Saturday, July 18, 2009

Love, Stargirl by Jerry Spinelli

The adolescent, whimsical girl who renamed herself
Stargirl, and was the main character in the novel
Stargirl, appears again in this sequel Love, Stargirl,
also by Jerry Spinelli. In the first book, Stargirl had
been home-schooled her whole life before moving to
Arizona, where her first public school experience is
difficult, as she becomes a target for ridicule, when she
is not being completely ignored or excluded. Although she
is made fun of for being different, she remains a unique,
warm-hearted person. She develops a crush on a boy named
Leo who returns her feelings but is too embarrassed to act
on them. By the end of that book, Stargirl is so hurt and
bewildered that she and her family decide to move to
Pennsylvania, which is where the sequel Love, Stargirl
begins. This was definitely easier to read than Stargirl.
I really like the form of the book, a series of letters
written to her old boyfriend Leo, as well as a few other
characters. Also, it's not just a stream of consciousness,
with little plot or climax like the first book. This whole
book builds up to the winter solstice when several plot
lines are resolved, especially whether Stargirl will
choose Leo or Perry, her two main love interests.
Archie, the scientist who taught her so much in Stargirl,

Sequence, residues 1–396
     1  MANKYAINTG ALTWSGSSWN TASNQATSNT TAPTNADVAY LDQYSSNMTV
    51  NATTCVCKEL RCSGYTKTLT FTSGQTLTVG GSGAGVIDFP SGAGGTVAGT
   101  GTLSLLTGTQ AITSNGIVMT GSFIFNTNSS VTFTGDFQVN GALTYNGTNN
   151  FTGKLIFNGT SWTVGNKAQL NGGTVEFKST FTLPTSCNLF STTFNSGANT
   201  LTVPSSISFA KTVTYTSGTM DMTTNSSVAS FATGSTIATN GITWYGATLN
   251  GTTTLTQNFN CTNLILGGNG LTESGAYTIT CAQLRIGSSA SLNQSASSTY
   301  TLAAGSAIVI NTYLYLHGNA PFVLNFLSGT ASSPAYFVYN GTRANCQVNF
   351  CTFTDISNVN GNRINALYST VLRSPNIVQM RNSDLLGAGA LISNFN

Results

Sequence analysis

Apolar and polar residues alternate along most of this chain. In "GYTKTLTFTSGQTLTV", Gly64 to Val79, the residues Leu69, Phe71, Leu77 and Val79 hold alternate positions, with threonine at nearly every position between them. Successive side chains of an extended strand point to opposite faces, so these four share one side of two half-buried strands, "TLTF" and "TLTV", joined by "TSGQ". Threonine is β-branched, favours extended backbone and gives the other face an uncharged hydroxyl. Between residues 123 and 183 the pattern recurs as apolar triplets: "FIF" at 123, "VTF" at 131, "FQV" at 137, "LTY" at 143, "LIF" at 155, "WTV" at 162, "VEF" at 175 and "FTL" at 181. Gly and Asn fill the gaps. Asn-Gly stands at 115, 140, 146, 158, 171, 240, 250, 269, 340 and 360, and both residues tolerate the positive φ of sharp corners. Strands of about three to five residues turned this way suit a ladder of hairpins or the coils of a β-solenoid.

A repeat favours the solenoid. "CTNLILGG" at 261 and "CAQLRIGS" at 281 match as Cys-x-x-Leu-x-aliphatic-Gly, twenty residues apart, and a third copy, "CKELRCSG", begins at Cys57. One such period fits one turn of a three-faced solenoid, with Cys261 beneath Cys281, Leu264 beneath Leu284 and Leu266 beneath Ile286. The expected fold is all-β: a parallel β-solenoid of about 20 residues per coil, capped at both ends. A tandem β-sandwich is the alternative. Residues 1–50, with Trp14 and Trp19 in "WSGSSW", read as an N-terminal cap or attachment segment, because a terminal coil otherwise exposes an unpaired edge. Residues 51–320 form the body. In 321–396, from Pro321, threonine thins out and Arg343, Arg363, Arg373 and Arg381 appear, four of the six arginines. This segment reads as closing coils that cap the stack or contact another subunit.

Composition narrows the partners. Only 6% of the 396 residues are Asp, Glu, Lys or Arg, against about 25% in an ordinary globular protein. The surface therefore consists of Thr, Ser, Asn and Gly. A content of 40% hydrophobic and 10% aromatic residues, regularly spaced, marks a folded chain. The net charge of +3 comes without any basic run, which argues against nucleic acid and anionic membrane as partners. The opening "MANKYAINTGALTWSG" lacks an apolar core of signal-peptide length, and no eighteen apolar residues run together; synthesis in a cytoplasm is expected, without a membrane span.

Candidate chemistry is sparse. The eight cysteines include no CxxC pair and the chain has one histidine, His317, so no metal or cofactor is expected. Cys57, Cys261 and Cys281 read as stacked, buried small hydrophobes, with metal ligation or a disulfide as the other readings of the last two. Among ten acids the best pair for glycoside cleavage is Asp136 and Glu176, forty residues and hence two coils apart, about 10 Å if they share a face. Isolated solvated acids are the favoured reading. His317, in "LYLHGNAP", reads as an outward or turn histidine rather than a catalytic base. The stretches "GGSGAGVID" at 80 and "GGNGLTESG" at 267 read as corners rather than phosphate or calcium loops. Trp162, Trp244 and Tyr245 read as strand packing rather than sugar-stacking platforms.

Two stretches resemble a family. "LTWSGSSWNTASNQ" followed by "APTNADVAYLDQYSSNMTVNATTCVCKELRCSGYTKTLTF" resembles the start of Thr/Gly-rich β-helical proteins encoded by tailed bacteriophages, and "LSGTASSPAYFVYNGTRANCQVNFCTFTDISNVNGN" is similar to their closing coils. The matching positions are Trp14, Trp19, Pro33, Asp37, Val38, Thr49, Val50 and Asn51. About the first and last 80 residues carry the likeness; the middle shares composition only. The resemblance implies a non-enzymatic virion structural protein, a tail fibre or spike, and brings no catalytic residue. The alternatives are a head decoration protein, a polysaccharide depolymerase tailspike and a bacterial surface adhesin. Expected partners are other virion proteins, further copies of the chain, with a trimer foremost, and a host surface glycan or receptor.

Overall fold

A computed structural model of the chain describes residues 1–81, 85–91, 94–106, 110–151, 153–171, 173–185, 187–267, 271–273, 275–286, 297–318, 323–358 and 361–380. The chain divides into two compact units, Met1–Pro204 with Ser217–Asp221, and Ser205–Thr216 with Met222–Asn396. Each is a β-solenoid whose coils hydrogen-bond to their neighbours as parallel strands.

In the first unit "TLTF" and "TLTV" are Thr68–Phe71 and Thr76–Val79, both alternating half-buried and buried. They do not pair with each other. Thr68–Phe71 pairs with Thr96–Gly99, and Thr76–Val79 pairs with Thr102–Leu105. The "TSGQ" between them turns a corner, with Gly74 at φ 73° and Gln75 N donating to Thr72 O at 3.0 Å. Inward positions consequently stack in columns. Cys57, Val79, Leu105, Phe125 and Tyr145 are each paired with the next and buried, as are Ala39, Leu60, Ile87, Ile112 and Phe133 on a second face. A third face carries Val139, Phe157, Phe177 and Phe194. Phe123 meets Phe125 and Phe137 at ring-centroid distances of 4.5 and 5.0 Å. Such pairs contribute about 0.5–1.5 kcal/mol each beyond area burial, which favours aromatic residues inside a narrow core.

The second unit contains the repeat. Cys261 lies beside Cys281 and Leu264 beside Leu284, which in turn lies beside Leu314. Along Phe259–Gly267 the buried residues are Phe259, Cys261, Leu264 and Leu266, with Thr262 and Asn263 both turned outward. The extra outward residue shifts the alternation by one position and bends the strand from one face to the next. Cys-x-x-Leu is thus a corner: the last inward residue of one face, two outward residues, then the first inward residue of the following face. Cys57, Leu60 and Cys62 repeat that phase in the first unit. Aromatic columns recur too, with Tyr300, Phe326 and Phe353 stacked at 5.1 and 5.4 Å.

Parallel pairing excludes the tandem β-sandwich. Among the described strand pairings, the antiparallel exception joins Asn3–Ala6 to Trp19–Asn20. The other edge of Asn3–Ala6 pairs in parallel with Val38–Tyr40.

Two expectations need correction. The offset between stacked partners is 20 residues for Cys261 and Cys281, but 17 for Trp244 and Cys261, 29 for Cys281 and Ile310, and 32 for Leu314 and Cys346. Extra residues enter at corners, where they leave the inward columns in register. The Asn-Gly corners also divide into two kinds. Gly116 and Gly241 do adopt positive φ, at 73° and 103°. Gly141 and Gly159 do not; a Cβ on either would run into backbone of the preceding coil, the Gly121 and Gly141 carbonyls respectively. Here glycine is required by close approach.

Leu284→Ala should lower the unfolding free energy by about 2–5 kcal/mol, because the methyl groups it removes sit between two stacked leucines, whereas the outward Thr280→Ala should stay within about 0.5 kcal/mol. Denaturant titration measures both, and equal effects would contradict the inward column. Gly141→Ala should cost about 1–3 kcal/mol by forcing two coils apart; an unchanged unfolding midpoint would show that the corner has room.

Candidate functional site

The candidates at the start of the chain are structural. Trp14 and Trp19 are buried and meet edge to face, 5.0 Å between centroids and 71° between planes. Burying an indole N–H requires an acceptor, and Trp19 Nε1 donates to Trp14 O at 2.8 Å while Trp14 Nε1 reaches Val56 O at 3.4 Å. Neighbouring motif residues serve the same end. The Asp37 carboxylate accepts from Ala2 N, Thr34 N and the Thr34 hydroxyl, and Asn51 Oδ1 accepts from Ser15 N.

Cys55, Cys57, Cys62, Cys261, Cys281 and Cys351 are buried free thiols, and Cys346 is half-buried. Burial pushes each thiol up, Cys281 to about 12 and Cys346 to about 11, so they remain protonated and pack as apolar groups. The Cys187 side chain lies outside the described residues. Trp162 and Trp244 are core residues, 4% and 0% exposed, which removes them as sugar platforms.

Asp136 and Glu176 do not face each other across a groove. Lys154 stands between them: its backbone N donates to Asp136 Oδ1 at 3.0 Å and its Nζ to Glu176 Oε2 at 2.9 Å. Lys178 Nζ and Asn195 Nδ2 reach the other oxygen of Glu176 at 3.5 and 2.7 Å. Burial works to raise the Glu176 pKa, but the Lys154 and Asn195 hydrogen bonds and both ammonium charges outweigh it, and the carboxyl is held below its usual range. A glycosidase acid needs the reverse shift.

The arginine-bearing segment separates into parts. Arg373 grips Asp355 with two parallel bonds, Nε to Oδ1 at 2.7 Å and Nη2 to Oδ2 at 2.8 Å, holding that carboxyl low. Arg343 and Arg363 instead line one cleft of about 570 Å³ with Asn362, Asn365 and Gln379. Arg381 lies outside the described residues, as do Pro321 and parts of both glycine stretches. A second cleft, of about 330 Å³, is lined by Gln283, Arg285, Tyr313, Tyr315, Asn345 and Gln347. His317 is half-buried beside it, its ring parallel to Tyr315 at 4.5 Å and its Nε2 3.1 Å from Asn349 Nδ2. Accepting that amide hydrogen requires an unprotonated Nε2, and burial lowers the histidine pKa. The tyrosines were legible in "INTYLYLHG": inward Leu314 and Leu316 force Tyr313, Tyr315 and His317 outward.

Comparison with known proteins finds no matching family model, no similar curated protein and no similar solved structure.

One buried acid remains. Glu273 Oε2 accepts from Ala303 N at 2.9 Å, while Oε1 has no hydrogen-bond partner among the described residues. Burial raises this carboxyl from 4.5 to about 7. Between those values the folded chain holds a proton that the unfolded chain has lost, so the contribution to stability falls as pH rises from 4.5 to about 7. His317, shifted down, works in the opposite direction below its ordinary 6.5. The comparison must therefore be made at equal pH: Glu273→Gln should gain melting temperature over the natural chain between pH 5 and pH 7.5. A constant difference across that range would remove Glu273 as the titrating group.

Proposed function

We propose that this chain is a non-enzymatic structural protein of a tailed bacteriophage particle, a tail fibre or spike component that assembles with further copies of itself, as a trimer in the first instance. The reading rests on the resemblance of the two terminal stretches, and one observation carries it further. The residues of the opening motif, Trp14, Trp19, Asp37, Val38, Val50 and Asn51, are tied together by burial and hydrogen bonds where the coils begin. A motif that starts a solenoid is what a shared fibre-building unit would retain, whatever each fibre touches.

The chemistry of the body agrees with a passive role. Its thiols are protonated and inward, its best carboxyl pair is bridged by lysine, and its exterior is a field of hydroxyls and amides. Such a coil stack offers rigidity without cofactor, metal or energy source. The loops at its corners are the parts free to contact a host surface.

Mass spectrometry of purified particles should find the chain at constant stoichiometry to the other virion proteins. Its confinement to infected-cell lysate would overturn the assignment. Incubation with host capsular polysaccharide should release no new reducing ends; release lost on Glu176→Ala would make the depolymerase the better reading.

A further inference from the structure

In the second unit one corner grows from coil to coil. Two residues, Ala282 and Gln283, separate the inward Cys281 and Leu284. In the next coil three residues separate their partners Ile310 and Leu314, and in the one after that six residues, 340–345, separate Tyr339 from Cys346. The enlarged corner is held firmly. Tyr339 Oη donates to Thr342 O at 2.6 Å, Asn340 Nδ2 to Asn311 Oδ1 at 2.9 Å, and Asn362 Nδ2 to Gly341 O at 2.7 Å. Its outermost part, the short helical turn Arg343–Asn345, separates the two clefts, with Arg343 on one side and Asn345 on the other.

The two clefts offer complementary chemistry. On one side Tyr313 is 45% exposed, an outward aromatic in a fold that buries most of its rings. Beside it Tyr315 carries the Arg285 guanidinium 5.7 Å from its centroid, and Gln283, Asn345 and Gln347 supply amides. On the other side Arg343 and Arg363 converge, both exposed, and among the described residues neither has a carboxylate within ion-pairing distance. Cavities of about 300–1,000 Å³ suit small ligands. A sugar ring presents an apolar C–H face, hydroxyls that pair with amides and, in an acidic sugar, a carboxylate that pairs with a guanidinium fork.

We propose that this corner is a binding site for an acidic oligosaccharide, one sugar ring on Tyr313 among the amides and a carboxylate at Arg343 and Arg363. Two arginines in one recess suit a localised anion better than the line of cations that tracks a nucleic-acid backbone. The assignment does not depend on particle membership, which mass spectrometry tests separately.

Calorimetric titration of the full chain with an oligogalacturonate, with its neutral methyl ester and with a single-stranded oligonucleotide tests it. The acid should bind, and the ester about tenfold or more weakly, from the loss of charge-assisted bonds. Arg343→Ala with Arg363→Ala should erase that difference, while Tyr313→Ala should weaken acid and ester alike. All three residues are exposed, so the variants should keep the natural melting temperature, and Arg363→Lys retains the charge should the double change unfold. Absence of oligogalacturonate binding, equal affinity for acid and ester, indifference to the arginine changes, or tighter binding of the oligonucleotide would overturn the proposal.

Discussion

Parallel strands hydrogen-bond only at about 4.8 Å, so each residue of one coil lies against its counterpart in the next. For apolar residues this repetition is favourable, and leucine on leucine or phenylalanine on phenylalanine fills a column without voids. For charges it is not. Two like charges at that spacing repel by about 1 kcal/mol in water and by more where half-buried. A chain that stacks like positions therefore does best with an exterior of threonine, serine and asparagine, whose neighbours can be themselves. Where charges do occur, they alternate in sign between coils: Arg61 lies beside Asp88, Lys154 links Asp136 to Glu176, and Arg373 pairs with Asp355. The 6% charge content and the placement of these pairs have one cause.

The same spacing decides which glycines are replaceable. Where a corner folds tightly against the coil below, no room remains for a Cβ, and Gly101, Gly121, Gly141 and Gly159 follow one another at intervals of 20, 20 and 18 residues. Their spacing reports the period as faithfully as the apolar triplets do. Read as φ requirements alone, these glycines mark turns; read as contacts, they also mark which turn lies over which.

doesnt physically appear until the end of this book,
though several of Stargirl's letters are addressed to him.

Love, Stargirl, in my opinion, is a wonderfully written
novel which captivates the reader and draws them into
Stargirl's unique life. It focuses on some neat issues,
like the fact that Stargirl's best friend, Dootsie is only
six, and very outgoing, while her other close friend,
Betty Lou, is an old, single woman, who is too scared to
leave her house. Also, it focuses on the long term
relationship between Stargirl and Leo, illustrating that
although people might not always be physically faithful
they can be emotionally faithful no matter how large a
distance separates them. Love, Stargirl seems to be
written for a middle to high school audience, and I would
recommend it to anyone within that age range..
The main character is a quirky, naive, creative character,
whose view of the world may help readers become more open-
minded. Even though the narrator is female, I think that
boys would enjoy both of these novels.

Reviewer Age:16

Reviewer City, State and Country:
Hingham, MA USA